Lawyer Sue Grey interviewed at the Wellington Family Freedom Picnic on 30th October 2021
29 October, 2021
A formal complaint against lawyer and anti-vaccine campaigner Sue Grey says she is using her status in the legal profession to further her “flawed, inaccurate and dangerous” claims about Covid-19.
FACT Aotearoa, a group formed to counter misinformation and conspiracy theories in New Zealand, lodged a formal complaint with the New Zealand Law Society against the Nelson-based lawyer on Monday.
They say Grey has breached the Lawyers and Conveyancers Act (Lawyers: Conduct and Client Care) Rules 2008, which state “a lawyer must not engage in conduct that tends to bring the profession into disrepute”.
“Grey has utilised promotion of misinformation as a tool for the self-promotion of her firm and political party. This has overtaken her first duty to serve the integrity of the legal profession, clients and justice at large.”
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Grey, who is co-leader of the NZ Outdoors Party, has a large following on social media and regularly posts anti-vaccine content, including false claims of Covid-19 deaths and promotion of alternative and unproven treatments.
In September, she claimed an Auckland year 13 student who died from an unrelated cause was the first “teen death” from the Covid-19 vaccine in a social media post seen by Stuff and later removed by the platform.
In a statement the NZ Outdoors Party claimed deaths from the Covid-19 vaccine were “government mandated genocide”.
To date, only one death in New Zealand has been linked to the Pfizer Covid vaccination.
The woman in her 50s had other medical issues, and died from myocarditis, which is known to be a rare side effect of the Pfizer vaccine, the Ministry of Health said.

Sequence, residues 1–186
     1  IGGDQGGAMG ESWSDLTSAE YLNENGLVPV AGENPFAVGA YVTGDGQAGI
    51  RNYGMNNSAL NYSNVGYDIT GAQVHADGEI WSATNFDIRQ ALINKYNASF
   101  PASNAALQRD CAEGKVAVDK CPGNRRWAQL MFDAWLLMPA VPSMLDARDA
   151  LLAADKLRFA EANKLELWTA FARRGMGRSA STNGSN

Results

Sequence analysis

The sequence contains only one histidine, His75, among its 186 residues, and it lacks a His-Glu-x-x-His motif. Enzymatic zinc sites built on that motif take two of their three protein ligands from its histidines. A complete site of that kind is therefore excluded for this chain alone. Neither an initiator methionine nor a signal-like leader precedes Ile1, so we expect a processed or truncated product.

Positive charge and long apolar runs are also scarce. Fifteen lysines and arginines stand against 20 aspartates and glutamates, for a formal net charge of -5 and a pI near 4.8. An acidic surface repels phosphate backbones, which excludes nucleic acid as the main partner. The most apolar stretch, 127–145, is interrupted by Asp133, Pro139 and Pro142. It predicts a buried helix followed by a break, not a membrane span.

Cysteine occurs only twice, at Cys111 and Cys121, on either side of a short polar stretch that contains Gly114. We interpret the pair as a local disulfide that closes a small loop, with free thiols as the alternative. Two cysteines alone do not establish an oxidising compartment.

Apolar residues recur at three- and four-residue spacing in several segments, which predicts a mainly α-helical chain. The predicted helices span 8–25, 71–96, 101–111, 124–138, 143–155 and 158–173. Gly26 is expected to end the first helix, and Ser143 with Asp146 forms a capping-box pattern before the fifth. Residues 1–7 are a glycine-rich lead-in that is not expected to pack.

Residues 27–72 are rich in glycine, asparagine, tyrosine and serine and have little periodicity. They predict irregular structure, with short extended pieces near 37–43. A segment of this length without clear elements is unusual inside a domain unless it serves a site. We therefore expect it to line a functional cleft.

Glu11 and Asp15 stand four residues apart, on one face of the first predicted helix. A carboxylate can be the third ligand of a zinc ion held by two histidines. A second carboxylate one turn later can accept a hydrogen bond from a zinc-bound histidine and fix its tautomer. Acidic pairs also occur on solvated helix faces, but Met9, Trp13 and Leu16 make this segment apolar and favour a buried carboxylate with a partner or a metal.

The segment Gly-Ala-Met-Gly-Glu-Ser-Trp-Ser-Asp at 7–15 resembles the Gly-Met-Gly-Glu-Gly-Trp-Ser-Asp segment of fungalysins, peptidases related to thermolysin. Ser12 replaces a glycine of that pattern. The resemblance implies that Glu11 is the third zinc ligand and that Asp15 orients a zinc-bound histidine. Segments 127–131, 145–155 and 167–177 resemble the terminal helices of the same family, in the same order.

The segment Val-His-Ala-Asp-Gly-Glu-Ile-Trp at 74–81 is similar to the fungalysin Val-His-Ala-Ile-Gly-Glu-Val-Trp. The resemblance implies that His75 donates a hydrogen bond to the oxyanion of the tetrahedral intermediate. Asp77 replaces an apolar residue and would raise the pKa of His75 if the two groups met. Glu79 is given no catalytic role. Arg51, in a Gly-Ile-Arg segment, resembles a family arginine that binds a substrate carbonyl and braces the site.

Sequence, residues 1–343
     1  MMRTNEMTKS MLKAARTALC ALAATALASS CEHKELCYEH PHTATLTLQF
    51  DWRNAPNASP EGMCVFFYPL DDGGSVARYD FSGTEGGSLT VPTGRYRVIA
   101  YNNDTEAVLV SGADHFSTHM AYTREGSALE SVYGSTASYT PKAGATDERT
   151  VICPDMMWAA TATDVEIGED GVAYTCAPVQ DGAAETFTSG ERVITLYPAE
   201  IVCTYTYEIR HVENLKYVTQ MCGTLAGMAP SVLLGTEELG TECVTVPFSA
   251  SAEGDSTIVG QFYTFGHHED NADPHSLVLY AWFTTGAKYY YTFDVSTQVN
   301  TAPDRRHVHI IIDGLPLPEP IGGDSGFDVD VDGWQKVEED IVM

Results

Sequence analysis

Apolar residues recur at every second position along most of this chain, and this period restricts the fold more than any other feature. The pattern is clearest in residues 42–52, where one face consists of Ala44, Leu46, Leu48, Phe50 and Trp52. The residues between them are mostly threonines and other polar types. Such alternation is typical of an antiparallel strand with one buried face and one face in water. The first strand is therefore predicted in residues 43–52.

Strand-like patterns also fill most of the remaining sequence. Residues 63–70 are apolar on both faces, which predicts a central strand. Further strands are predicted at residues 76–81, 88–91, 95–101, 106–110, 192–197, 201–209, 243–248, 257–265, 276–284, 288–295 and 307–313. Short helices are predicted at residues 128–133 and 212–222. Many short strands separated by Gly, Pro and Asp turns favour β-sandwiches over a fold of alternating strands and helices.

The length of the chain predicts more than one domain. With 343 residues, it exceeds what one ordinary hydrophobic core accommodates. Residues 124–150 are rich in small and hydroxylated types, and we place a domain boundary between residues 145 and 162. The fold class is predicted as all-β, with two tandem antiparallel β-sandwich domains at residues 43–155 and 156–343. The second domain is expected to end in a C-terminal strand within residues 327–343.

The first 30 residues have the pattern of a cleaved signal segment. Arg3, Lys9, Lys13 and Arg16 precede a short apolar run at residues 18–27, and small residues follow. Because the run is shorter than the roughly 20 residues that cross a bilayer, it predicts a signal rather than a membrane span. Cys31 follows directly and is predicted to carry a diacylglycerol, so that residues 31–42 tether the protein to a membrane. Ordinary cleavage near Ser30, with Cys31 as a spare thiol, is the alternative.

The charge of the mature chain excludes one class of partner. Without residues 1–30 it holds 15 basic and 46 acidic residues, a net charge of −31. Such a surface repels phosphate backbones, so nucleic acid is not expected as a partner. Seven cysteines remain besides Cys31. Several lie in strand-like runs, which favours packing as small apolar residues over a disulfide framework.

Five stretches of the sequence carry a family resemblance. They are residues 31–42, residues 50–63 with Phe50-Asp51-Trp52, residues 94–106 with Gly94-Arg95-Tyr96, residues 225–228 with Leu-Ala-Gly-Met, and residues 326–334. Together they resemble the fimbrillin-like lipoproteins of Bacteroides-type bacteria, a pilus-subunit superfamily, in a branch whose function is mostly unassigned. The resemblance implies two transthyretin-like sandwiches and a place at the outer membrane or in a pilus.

In its complaint FACT Aotearoa said the claim “falls below the high ethical standard of the legal profession and brings the profession into disrepute”.
The New Zealand Law Society – Te Kāhui Ture o Aotearoa said it was prevented by law from disclosing receipt of complaints or making any comment about concerns raised.
“This is due to legal requirements placed on us by the Lawyers and Conveyancing Act 2006 which means that we would be breaking the law if we release information about specific complaints or concerns.”
This week Grey attended an anti-vaccine hīkoi at Waitangi and is representing four security workers in a case against the Government’s mandatory vaccine order.
The group said Grey’s activities breached another section of the Lawyers and Conveyancers Act (Lawyers: Conduct and Client Care) Rules 2008, that “lawyers must not engage in conduct that is misleading or deceptive or likely to mislead or deceive anyone on any aspect of the lawyer’s practice.”
Grey said she was aware of multiple complaints against her.
“I’m the co-leader of the NZ Freedom and Outdoors Party and any comments on my Facebook page are on my political page and not on my Sue Grey lawyer page.”
She defended her views about the Covid-19 vaccine “as a mother, as a scientist and as a political leader”, which she said were supported by scientists and doctors around the world.
FACT Aotearoa member and Middlemore Hospital infectious diseases’ physician Chris Hopkins said several people from the group had made complaints to the Law Society about Grey over the past year, but these had not been acted on.
Complaints received by the society are referred to an independent standards committee for investigation. Complaints deemed serious enough can be referred to the Lawyers and Conveyancers Disciplinary Tribunal.
The Tribunal can suspend a lawyer or strike them from the Roll of Barristers and Solicitors which would prevent them from practising law.
Hopkins said as a doctor on the front line of the Covid-19 epidemic he found the activities of Grey “gutting”.
“It’s disgusting to me and my colleagues to see that kind of misinformation, on so many levels.”
He said it was extremely frustrating to see misinformation by Grey holding back the best chance against the disease – vaccination – among a minority of people who took her seriously.
“We know we’ve got an extremely busy six months or so ahead of us, and we know that that will be substantially mitigated by rapidly vaccinating as many people as possible.
“So it is gutting knowing that our lives and our patients’ lives, more importantly, are going to be massively impacted.”
Hopkins said online platforms such as Facebook and Twitter had failed to counter the avalanche of misinformation shared by Grey and others.
While Grey’s post about the Auckland teenager’s death was removed, there were dozens of other similar posts that were not, Hopkins said.
“I think those platforms really need to up their game urgently and dramatically, and I think it’s despicable how little action they take.”